More concerns of the Auditor General
Continued from: From The Auditor General’s Report 1.
INLAND REVENUE DEPARTMENT
Revenue. The audit of the accounts of the Inland Revenue Department for the period April 1, 2013, to March 31, 2014 was conducted and the following observations made:
Revenue reporting. There were no statements of revenue, receipts, refunds, waivers and remittances provided to the Audit Office for verification as required by Section 22 (3) (c) of the Financial Management And Audit Act, 2007-11, in respect of the Inland Revenue Department. Such statements were not presented to the Audit Office for the last four years.
This is unacceptable as these statements are required to assist in the verification of the figures reported by the department and, by extension, the figures in the Government’s Financial Statements.
The revenue reported to the Treasury by the department was in respect of cash collections rather than revenue on an accrual basis as required by International Public Sector Accounting Standards (IPSAS). Therefore, the figures in the consolidated financial statements at March 31, 2014, were misstated.
It is recommended that the department should have complied with Section 22 (3) (c) of the Financial Management And Audit Act, 2007-11 and submitted approved statements of receipts, revenue, receivables, refunds, waivers and remittances to the Auditor General for audit verification; and ensured that revenue was recorded on the accrual basis.
Accounts receivable. No accounts receivable statements were presented to the audit for the financial year ended March 31, 2014, as is required by the Financial Management And Audit Act. Personnel from the department indicated that the information in the electronic tax system was unreliable.
Therefore the Inland Revenue Department’s accounts receivable reported as $244 million in Government’s Financial Statements could not be verified.
These figures are required for inclusion in the opening balance sheet of the Barbados Revenue Authority which has taken over the responsibility of collecting income and corporation taxes. [BRA] will therefore have to undertake a review of the receivables with a view to having them more accurately stated.
It is recommended that the Inland Revenue Department should have ensured that accurate and reliable figures were made available for inclusion in the consolidated financial statements of the Crown.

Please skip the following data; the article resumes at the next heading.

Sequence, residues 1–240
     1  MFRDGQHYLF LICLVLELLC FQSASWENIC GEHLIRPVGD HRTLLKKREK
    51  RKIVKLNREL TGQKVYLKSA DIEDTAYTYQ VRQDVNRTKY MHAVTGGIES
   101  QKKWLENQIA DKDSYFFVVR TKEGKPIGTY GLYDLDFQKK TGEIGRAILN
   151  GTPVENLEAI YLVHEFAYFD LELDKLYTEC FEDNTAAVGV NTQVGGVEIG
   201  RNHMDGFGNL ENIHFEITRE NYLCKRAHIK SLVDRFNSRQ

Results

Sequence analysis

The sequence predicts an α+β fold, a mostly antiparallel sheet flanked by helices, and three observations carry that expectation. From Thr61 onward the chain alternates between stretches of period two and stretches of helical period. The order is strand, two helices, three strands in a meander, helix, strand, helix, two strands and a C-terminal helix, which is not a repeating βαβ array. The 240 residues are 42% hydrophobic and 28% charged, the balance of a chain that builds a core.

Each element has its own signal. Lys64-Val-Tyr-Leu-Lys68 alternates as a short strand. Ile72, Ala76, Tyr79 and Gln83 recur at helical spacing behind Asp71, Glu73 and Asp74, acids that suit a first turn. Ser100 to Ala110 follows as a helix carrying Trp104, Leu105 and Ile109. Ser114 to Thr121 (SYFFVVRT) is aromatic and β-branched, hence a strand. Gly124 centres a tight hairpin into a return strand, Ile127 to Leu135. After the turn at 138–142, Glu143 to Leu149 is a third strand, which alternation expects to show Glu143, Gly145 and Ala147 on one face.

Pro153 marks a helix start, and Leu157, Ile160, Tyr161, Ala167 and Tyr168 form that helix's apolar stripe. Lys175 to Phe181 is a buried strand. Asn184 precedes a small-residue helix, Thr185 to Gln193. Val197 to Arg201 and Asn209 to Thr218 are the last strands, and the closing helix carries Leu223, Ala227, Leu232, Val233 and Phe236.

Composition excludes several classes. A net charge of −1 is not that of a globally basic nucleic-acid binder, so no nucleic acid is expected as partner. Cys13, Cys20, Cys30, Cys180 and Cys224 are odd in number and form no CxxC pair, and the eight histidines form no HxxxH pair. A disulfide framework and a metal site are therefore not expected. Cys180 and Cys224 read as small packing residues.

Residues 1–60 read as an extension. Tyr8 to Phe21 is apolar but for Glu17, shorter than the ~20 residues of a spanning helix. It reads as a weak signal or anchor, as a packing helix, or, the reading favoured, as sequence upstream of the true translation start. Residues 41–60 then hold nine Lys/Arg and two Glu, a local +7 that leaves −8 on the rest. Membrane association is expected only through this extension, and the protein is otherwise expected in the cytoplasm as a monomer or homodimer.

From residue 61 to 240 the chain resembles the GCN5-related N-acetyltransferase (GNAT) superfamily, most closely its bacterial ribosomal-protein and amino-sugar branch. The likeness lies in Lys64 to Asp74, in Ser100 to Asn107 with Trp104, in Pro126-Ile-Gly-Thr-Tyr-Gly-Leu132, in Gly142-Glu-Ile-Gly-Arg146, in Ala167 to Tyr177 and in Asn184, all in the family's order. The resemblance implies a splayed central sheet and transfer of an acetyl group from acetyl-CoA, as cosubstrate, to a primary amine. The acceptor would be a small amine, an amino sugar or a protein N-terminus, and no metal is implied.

Bank reconciliations. The bank balance as at March 31, 2014, was $17,948,071.93. No bank reconciliation statements were presented for audit inspection. This is a continuing problem which was not addressed by the department. The lack of bank reconciliations can lead to fraud or errors going undetected.
Total refunds issued. The department recorded $144 million as total refunds issued for the period under review. However, the consolidated financial statements showed that $136,177,629 was disbursed for the same period. This has resulted in an unexplained difference of $8,711,874.
The absence of explanations for unreconciled differences in disbursements by the Treasury and refunds issued has been a recurrent problem within this department that needs to be properly explained.
Return of overpaid refunds by taxpayers. Taxpayers returned a total of $747,908.98 in refunds that were overpaid during the financial year 2013-2014 . . . . These instances in which persons voluntarily returned overpaid refunds to the department reveal serious deficiencies in internal controls.
It is unlikely that all overpayments will be returned; therefore, a significant loss could have occurred from this lapse in controls. This has been an ongoing problem for the department which needs to be urgently addressed.
It is recommended that the Inland Revenue Department ensure controls are in place to prevent the overpayment of refunds to taxpayers.
Request for information. Requests were made for reports and other documentation needed to perform the audit. The first request was made in February, 2014. Follow-up requests were made over a period of seven months before the information was provided.
The Audit Office was therefore unable to complete a thorough audit, especially relating to some of the major issues recorded in past audit reports.
The absence of documentation in a timely manner impedes the audit and is in breach of Section 39 of the Financial Management And Audit Act, 2007-11, and those responsible should be required to provide an adequate explanation.
It is recommended that the Inland Revenue Department provide all documents requested by the Barbados Audit Office in a timely manner.
MINISTRY OF TRANSPORT AND WORKS
Overpayment to a supplier/0517 –– General maintenance. A supplier was paid twice for work related to electrical renovations at the Country Road branch of the School Meals Department, resulting in an overpayment of $65,671.92.
At the time of the audit the monies had not been recovered.
It is recommended that the ministry’s approving and certifying officers review all supporting documentation to avoid overpayment. Appropriate action should be taken to recover the outstanding amount.
Absence of supporting documentation. Supporting documentation relevant to a number of payments was not provided for audit inspection by the ministry. This is in breach of Section 39 (1) of the Financial Management And Audit Act. These documents were requested on several occasions.
It is recommended that the ministry needs to ensure that all information and documentation are available for its own internal checks and for audit verification.
Asset management. During the audit the following deficiencies were noted in respect of fixed assets records.
Incorrect classification of expenditures.